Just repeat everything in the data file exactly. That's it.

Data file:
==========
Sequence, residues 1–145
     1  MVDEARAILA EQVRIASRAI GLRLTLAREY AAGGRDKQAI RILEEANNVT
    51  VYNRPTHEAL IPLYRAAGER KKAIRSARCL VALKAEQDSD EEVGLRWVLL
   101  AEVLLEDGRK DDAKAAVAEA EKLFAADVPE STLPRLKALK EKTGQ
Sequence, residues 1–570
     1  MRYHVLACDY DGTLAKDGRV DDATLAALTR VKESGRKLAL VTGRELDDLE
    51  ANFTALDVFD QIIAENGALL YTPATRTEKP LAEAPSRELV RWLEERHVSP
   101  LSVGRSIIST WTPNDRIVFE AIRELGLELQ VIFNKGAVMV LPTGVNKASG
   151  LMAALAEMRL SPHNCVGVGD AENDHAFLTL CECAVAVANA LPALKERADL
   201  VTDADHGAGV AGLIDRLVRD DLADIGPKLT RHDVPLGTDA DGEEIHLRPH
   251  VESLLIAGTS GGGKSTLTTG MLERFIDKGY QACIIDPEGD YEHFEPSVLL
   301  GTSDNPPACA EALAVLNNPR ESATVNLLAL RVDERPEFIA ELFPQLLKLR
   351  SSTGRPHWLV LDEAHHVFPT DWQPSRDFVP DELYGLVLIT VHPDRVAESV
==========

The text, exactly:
Sequence, residues 1–145
     1  MVDEARAILA EQVRIASRAI GLRLTLAREY AAGGRDKQAI RILEEANNVT
    51  VYNRPTHEAL IPLYRAAGER KKAIRSARCL VALKAEQDSD EEVGLRWVLL
   101  AEVLLEDGRK DDAKAAVAEA EKLFAADVPE STLPRLKALK EKTGQ
Sequence, residues 1–570
     1  MRYHVLACDY DGTLAKDGRV DDATLAALTR VKESGRKLAL VTGRELDDLE
    51  ANFTALDVFD QIIAENGALL YTPATRTEKP LAEAPSRELV RWLEERHVSP
   101  LSVGRSIIST WTPNDRIVFE AIRELGLELQ VIFNKGAVMV LPTGVNKASG
   151  LMAALAEMRL SPHNCVGVGD AENDHAFLTL CECAVAVANA LPALKERADL
   201  VTDADHGAGV AGLIDRLVRD DLADIGPKLT RHDVPLGTDA DGEEIHLRPH
   251  VESLLIAGTS GGGKSTLTTG MLERFIDKGY QACIIDPEGD YEHFEPSVLL
   301  GTSDNPPACA EALAVLNNPR ESATVNLLAL RVDERPEFIA ELFPQLLKLR
   351  SSTGRPHWLV LDEAHHVFPT DWQPSRDFVP DELYGLVLIT VHPDRVAESV